Churchill’s attitude towards India did not change when he became Prime Minister. He presided over – and actively prevented any efforts to alleviate – the catastrophic 1943 Bengal famine, which killed 3 million Indians. When Churchill’s India Secretary and childhood friend Leo Amery asked him to do something, Churchill laughed about the prospect of shrinking a population that bred “like rabbits.” A horrorstruck Amery wrote that when it came to India, there wasn’t “much difference between [Churchill’s] outlook and Hitler’s.”
Churchill’s position on India was him at his worst. But his triumphs and failures were not the product of a “good Churchill” and a “bad Churchill.” They sprang from the same roots – principally his hair-trigger response to anything he saw as a threat to the British Empire and an unwillingness to admit defeat even when anyone else would have. Churchill did not change. His situation did. Churchill did what only Churchill would do. Sometimes that worked out, sometimes it didn’t, but it was always a product of his unique character. Only Churchill would have thrown away his career by fighting his own party on India for years after he had lost. But, similarly, only Churchill would have kept fighting in May 1940. In the right circumstances, there is no one you’d rather be led by than Winston Churchill. In the wrong ones, you’d rather have anyone else.
Just as we shouldn’t forget the depth of Churchill’s mistakes, we shouldn’t underestimate his singular contribution to saving the world from Nazism. When Churchill became Prime Minister, Britain’s situation – virtually alone against Germany, with France collapsing, the USSR allied with Germany, and the United States still neutral – was unthinkably desperate. David Lloyd George, the Prime Minster who had led her to victory in World War I, argued in Parliament that it was time to sue for peace, saying “People call me a defeatist, but what I say to them is: ‘Tell me how we can win.’”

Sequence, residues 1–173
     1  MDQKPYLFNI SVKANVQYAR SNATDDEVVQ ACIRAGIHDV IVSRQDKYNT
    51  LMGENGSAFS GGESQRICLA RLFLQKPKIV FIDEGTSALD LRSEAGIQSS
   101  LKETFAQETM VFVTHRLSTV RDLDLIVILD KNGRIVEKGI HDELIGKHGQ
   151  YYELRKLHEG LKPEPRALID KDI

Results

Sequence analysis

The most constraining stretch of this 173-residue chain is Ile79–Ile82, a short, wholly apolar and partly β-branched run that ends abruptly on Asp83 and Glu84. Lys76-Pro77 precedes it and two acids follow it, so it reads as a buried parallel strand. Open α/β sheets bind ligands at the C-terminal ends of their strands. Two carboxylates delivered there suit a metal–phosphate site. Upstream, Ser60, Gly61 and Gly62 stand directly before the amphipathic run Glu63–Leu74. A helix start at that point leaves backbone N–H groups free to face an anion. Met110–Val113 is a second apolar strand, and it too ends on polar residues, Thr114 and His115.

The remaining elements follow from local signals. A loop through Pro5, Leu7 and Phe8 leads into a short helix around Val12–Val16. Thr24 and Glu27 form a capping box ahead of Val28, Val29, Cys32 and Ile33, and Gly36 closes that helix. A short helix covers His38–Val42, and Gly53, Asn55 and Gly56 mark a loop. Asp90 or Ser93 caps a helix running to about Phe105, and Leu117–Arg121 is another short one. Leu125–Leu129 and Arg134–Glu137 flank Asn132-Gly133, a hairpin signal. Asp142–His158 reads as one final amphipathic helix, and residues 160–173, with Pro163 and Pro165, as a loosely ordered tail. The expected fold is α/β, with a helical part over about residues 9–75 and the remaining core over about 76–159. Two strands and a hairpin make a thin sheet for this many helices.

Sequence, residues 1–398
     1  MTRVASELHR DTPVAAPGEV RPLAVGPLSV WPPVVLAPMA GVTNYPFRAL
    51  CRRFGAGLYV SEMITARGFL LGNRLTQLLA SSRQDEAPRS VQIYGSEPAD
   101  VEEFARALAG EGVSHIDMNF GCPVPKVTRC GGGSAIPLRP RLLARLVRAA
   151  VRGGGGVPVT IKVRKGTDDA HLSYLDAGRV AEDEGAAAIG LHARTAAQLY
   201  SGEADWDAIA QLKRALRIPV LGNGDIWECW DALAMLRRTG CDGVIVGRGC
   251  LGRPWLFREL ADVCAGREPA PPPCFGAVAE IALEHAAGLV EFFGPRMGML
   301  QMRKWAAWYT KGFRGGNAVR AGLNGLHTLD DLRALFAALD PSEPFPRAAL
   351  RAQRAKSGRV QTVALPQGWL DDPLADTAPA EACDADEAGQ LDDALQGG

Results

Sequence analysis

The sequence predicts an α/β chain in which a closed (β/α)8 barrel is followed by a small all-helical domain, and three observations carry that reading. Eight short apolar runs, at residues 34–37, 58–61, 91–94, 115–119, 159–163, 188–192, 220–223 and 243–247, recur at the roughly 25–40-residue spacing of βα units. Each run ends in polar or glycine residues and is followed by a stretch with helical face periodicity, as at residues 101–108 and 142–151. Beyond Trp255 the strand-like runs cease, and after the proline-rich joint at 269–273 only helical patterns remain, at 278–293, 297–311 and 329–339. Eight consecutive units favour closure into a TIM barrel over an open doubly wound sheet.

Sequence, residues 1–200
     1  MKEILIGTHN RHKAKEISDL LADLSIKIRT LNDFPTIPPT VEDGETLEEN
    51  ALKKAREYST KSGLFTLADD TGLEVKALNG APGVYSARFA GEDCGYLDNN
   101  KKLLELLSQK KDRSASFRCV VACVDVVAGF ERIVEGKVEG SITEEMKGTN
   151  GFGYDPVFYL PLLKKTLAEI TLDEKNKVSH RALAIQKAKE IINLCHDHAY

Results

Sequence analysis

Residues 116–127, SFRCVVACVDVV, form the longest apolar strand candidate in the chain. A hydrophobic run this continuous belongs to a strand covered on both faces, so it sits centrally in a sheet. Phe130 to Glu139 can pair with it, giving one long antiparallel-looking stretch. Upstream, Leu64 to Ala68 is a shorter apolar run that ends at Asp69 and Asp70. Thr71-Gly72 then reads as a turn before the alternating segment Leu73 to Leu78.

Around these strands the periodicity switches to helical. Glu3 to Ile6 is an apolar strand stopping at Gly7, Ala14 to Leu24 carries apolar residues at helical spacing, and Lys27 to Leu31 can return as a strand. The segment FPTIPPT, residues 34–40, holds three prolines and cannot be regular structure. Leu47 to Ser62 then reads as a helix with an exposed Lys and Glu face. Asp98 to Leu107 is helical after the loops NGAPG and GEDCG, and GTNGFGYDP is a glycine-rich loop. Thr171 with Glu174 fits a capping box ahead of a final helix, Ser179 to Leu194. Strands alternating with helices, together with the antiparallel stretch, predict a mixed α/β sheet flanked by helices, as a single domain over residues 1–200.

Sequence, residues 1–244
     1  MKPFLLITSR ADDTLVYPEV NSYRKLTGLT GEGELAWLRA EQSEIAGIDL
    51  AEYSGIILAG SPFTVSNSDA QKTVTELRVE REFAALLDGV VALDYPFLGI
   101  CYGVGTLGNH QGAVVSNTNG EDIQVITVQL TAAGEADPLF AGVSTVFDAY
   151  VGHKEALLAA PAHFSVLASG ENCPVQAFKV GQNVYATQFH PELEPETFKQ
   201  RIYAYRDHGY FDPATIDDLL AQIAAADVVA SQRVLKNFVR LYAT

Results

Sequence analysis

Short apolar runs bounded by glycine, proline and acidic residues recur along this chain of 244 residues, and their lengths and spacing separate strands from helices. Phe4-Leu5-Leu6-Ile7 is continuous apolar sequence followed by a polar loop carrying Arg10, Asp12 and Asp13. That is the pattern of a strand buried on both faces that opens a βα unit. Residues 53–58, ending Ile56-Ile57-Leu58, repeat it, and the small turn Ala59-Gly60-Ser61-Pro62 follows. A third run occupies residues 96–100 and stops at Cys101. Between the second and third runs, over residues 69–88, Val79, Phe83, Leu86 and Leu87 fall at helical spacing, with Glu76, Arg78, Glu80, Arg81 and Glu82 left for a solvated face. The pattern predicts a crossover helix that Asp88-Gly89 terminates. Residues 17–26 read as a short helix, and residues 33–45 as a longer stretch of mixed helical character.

The choice of if Britain should remain in the fight came down to a Cabinet struggle between Churchill and Foreign Minister Edward Wood, the Earl of Halifax. Every major player in British politics preferred Halifax as Prime Minister to Churchill, but he had refused the position when it was offered (why remains unclear to this day). Halifax argued that Britain should seek mediation immediately, before France’s surrender and a German bombing campaign worsened its position. Churchill’s response was stirring: “nations which went down fighting rose again, but those which surrendered tamely were finished.”
Churchill’s rhetoric was powerful, but it was unlikely to move hard-headed statesmen like Halifax and Neville Chamberlain, who still lead the Conservatives, and the two united could push Churchill out of office. In desperation, Churchill rallied the Cabinet as only he could, proclaiming, “If this long island story of ours is to end at last, let it end only when each one of us lies choking in his own blood upon the ground.” The Cabinet responded with cheers, fortifying Churchill’s position enough to rally Chamberlain to his side. A day later, the news of the successful evacuation of British troops from Dunkirk arrived, sealing Churchill’s triumph and ensuring that Britain would not give in.